Japanese yew Taxaceae Taxus
cuspidata Siebold & Zucc.
|Leaf: Evergreen needles, single, spirally arranged but appearing 2-ranked on shaded branches, needles lay very flat, approximately 1 inch long, dark green and shiny above, tip abruptly pointed, yellow or pale green below with 12-15 rows of stomates.
Flower: Species is dioecious; male flowers are small, round, and yellow and are borne on the undersides of the leaves; female flowers are solitary.
Fruit: Naked ovoid seed 1/4 inch long, surrounded by a bright red, fleshy aril, maturing in late summer, persistent through fall.
Twig: Light green in color, turning brown after several years; buds green with keeled scales, female flower buds are pointed, males rounded.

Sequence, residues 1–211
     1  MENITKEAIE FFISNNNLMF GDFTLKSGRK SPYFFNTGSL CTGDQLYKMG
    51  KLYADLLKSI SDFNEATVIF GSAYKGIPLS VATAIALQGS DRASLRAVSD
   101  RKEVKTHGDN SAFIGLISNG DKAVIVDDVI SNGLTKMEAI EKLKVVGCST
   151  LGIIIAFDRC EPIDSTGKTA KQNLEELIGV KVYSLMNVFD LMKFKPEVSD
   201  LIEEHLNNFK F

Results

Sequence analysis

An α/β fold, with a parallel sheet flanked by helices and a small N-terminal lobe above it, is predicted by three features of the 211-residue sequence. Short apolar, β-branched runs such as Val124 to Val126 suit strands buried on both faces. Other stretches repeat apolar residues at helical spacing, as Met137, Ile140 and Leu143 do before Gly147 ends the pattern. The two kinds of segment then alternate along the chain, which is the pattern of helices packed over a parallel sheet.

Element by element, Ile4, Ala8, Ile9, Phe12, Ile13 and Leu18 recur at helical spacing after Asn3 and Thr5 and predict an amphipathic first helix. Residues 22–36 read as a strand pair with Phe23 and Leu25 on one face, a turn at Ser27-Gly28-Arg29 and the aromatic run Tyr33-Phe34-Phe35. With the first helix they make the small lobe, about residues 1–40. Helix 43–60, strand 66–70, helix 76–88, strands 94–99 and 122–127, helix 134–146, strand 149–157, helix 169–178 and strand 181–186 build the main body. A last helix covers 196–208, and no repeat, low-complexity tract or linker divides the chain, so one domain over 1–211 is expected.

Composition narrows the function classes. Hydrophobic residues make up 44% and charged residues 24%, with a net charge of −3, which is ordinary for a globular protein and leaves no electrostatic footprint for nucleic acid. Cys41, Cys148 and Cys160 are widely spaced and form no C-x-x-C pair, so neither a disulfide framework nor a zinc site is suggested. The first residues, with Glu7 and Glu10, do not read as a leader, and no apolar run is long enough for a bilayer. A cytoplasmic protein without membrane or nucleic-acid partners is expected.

Bark: Always thin (about 1/4 inch), reddish brown, and scaly; inner bark is reddish purple.
Form: Small tree or large shrub to 25 feet, with many limbed boles and a short trunk.
Looks like: English yew
- Pacific yew
- Anglo-Jap yew
- eastern hemlock
| Additional Range Information:
Taxus cuspidata is planted in the USDA
hardiness zones shown above and may seed
into the landscape. See
states reporting Japanese yew.
| External Links:
USDA Plants Database
|© Copyright 2016, Virginia Tech|
Dept. of Forest Resources
and Environmental Conservation,
all rights reserved.
Photos and text by: John Seiler,
Edward Jensen, Alex Niemiera,
and John Peterson